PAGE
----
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Kenyan October Inflation Slows for 11th Month, Rate Cut Eyed

Oct. 31 (Bloomberg) -- Kenyan inflation slowed for the 11th consecutive month in October, strengthening the case for the country’s central bank to cut interest rates even further.

The inflation rate in East Africa’s largest economy declined to 4.1 percent from 5.3 percent in September, the Nairobi-based Kenya National Bureau of Statistics said today in an e-mailed statement. Prices rose 0.4 percent in the month, the agency said.

“With a vast differential now opening up between Kenya’s policy rate and the rate of inflation, the focus will now shift to just how aggressive a rate cut we will see from the Central Bank of Kenya next week,” Razia Khan, head of Africa economic research at Standard Chartered Plc in London, said in an e-mailed note.

Kenyan policy makers have cut the key lending rate twice in the second half of the year to 13 percent, and are under pressure to make more reductions as inflation slows to help stimulate economic growth.

The economy expanded 3.3 percent in the second quarter, the slowest pace since the final three months of 2009, as tea and flower exports slumped and tourism declined, eroding foreign-exchange income from the country’s two biggest sources.

Cheaper Credit

Growth in food prices, which account for more than a third of the consumer price basket of goods used to measure inflation, rose 1.4 percent from a year earlier, compared with 2.9 percent in September, the statistics agency said. Domestic food production including corn, a staple, is improving after drought last year devastated harvests.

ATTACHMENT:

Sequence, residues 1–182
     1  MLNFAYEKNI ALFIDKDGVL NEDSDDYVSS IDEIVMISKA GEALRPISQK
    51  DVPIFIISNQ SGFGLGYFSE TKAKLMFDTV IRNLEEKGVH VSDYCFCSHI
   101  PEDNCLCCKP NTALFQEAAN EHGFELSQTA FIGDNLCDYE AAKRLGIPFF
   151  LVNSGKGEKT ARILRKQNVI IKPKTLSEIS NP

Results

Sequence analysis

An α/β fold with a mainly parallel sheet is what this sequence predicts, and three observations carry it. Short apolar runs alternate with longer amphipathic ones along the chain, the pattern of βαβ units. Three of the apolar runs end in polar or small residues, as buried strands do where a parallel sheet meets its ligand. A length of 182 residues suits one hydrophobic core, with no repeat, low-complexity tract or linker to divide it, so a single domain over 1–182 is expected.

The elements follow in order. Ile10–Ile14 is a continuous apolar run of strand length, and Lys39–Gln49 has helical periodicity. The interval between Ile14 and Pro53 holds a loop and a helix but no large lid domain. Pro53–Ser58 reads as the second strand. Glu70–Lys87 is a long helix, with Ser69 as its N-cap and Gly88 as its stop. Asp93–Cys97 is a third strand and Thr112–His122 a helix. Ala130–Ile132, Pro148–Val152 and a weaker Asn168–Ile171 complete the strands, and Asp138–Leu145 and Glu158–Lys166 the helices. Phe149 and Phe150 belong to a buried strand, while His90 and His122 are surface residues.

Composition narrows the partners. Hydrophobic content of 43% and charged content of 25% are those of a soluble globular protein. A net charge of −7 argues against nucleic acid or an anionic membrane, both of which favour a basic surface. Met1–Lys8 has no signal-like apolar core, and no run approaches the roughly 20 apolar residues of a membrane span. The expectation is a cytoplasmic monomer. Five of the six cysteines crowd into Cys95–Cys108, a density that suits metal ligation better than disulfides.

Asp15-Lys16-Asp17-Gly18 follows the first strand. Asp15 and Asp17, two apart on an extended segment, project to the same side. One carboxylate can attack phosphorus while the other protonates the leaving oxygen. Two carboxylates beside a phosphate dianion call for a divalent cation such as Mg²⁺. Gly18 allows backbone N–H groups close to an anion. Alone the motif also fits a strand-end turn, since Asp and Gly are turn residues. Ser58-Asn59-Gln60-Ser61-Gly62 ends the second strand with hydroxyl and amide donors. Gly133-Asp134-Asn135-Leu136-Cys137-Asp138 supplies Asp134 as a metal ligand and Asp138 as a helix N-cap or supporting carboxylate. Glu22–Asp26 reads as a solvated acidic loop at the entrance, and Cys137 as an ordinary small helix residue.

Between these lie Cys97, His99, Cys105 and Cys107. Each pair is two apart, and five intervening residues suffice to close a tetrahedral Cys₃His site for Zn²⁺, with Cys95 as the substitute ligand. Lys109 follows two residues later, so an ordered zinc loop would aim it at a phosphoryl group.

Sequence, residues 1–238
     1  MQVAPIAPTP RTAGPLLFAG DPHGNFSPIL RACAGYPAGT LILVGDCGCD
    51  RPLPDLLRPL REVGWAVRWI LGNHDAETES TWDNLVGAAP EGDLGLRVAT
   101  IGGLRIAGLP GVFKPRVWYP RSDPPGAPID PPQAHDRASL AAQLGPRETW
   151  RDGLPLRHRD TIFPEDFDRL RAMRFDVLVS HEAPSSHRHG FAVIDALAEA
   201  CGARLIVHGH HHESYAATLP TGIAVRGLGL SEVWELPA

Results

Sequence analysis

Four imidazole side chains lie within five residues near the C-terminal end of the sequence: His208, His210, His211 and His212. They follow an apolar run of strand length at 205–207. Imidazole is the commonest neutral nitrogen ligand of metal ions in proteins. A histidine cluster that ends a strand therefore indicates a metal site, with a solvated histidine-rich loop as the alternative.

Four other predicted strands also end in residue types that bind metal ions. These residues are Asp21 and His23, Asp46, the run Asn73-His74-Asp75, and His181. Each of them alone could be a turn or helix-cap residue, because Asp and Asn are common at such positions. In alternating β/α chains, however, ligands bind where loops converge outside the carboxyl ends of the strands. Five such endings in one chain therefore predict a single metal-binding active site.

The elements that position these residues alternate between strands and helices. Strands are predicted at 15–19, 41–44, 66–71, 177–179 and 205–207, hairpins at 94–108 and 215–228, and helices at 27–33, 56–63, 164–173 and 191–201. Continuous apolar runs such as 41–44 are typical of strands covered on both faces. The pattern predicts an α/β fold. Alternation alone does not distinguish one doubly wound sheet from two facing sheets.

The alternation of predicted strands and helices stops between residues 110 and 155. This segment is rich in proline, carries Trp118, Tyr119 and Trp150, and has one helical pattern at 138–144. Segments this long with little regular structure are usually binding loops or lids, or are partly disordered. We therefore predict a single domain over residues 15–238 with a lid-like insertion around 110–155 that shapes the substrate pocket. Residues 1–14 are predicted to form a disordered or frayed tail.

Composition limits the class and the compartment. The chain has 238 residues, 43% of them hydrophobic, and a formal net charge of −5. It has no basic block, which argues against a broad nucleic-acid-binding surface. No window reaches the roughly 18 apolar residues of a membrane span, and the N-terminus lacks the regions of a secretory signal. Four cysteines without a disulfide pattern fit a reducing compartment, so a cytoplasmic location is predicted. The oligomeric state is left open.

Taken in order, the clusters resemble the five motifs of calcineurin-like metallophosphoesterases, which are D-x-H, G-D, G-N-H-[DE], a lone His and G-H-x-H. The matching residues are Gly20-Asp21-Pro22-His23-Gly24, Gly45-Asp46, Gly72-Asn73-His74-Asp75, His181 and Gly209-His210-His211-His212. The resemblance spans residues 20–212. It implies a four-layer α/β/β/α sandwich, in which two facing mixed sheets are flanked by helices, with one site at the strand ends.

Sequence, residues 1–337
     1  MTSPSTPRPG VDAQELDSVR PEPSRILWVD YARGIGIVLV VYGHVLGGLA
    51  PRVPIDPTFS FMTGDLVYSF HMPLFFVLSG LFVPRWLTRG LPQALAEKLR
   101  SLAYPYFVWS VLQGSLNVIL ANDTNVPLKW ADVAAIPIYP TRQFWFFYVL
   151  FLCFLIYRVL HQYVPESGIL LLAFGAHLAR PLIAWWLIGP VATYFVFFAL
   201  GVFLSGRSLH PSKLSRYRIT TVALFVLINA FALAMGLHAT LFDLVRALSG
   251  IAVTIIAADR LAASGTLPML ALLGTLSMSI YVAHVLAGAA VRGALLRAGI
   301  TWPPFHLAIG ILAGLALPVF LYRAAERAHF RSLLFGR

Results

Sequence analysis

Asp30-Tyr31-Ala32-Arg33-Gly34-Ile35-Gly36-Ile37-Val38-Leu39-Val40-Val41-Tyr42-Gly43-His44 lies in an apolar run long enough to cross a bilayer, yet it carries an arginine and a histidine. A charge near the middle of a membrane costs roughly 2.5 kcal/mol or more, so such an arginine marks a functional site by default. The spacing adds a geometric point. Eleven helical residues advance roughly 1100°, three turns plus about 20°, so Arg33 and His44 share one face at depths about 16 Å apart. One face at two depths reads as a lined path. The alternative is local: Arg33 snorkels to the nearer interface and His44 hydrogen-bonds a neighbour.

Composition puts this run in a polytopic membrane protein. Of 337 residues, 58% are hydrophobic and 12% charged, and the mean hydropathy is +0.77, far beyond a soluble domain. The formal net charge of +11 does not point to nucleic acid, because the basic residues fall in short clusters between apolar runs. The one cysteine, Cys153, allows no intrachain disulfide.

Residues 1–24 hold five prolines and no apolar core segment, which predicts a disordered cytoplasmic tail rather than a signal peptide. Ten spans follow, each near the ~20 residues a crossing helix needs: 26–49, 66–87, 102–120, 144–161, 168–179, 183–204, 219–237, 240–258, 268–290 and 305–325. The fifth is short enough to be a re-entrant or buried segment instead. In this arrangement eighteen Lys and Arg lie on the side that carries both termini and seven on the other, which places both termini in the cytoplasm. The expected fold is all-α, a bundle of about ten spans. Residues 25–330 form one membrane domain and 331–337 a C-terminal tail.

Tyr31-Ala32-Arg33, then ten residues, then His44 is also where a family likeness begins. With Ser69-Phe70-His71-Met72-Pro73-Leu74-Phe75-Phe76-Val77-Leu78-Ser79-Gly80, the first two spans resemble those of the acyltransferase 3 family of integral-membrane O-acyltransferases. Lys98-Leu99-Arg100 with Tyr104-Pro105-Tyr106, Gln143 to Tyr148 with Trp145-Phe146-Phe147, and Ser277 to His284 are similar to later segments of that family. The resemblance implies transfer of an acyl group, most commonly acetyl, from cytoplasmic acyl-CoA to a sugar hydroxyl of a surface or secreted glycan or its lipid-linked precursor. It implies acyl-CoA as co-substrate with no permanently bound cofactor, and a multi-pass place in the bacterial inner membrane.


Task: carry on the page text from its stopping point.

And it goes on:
The International Monetary Fund said last week that easing price pressures have given Kenya’s central bank room for monetary loosening to guard against slowing global growth and rising oil prices.

Kenyan politicians are pushing for cheaper consumer credit to appeal to voters before national elections in March, Solomon Alubala, head of trading at Cooperative Bank of Kenya Ltd., said by phone. The bank’s Monetary Policy Committee, which convenes every two months, is next meeting on Nov. 7.

“It’s becoming a political issue and even discussed in parliament,” Alubala said. “The politicians are going to make noise about the central bank, that they need to help the common man.”

Kenya’s currency strengthened less than 0.1 percent to 85.10 a dollar by 3:05 p.m. in Nairobi, heading for its first monthly gain since June, according to data compiled by Bloomberg.

To contact the reporter on this story: Sarah McGregor in Nairobi at smcgregor5@bloomberg.net

To contact the editor responsible for this story: Nasreen Seria at nseria@bloomberg.net

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